Monday, July 28, 2008

[Image] Post R49 Tobruk Explained

Post R49
Red Line Outer Defenses.
Tobruk, Libya, 1941.

This German aerial reconnaissance image shows the outer perimeter defenses at post R49. This post is one of those built in the early 1930's by the Italian occupation force. It consisted of concrete trenches and weapons pits, an anti-tank ditch and even a underground bunker for when you were under artillery fire. All this surrounded by miles of razor wire and fields of landmines.

The numbers in the picture refer to the following;

  1. Main anti-tank ditch
  2. Barbed Wire
  3. Barbed Wire
  4. Weapons pit with connecting trench and bomb-proof shelter
  5. Local anti-tank ditch
  6. Supply road

9th Division troops would occupy these posts for weeks on end. Some of the posts were within 400 yards of German lines and even raising your head two inches above the sandbags would draw intense fire from German snipers.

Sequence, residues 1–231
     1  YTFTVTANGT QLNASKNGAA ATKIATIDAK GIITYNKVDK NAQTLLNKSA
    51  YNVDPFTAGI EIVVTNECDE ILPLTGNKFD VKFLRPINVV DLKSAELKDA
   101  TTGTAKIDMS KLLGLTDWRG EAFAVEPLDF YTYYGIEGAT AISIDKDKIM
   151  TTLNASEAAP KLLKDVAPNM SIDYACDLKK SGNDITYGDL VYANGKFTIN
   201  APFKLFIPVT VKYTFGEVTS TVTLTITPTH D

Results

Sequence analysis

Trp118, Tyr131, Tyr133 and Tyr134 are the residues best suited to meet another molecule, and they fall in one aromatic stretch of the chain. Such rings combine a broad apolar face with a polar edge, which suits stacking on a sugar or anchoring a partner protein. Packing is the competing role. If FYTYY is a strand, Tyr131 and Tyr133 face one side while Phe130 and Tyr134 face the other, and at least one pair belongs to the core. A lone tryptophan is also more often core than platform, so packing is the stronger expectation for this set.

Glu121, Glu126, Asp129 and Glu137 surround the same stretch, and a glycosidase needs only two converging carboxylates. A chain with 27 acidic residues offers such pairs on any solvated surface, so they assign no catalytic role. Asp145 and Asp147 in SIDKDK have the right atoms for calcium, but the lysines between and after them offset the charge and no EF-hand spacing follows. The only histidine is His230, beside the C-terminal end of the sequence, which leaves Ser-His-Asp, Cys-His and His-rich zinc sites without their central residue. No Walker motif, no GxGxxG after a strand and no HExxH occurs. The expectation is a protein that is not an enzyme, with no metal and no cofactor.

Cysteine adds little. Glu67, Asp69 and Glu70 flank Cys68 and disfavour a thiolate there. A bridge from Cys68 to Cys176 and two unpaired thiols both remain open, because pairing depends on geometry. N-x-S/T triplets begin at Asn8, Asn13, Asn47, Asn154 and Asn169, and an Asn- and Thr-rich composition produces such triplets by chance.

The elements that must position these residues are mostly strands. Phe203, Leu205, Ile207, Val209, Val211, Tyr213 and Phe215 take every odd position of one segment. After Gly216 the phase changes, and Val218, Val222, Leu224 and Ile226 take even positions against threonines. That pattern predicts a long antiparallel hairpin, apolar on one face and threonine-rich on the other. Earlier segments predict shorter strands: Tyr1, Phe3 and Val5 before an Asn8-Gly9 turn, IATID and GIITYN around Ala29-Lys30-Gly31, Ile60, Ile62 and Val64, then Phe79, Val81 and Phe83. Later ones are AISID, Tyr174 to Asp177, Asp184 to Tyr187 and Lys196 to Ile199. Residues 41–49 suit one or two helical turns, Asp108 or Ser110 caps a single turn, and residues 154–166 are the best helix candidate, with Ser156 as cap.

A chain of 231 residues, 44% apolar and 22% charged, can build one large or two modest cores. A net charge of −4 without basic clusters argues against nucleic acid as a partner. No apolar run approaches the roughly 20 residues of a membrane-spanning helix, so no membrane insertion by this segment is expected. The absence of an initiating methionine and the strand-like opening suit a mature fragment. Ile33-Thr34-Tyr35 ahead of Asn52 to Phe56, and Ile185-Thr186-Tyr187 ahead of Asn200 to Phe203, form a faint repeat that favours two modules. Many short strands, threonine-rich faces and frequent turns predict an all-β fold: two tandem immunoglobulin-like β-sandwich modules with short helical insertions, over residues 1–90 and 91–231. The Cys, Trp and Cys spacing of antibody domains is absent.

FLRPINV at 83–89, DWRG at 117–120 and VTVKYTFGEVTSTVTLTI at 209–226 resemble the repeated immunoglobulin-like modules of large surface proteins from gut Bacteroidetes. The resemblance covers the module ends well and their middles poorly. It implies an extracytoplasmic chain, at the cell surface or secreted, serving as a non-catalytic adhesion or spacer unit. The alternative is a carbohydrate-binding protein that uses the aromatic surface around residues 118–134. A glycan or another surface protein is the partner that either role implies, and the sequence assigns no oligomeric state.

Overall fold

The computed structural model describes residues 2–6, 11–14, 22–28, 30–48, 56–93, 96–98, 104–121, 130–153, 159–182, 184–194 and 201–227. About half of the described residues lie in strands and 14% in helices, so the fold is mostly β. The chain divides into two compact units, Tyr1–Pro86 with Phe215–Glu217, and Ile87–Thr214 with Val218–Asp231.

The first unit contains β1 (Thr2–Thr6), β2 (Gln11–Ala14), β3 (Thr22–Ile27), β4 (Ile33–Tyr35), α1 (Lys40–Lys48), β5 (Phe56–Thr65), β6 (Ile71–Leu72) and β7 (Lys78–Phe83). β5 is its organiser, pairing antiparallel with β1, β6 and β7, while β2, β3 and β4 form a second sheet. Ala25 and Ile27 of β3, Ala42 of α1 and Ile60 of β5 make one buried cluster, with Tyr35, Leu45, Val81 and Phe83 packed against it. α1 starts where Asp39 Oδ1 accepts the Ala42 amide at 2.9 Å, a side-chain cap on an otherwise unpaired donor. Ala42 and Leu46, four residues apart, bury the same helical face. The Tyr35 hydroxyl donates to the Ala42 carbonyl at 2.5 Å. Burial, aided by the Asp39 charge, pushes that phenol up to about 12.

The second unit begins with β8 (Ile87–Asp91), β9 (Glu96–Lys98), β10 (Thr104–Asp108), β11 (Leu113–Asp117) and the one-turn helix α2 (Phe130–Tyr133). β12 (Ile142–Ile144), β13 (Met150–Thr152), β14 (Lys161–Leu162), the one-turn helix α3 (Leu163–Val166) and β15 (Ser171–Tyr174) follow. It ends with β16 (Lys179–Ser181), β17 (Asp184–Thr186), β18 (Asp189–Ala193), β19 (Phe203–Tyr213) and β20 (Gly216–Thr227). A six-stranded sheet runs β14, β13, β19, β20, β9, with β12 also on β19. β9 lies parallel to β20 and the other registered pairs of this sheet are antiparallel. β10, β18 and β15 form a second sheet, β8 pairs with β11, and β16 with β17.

Days in the line would often be spent resting due to the intense heat and the lack of usable cover in the desert. Exposing yourself in daylight hours would often be fatal. In Tobruk, it was said that the Australians owned the night. Once the harsh African sun set it would be time for the nightly patrols to commence.

Patrols would leave posts like the above one pictured to venture thousands of yards beyond the wire to gather intelligence (usually by capturing prisoners for interrogation) or to destroy a known objective. At this activity the Australian's excelled.

image #44246L3 by Ullstein as scanned from "The Rats Remain - The Siege of Tobruk, 1941" by J.S. Cumpston, Grayflower Productions 1966.

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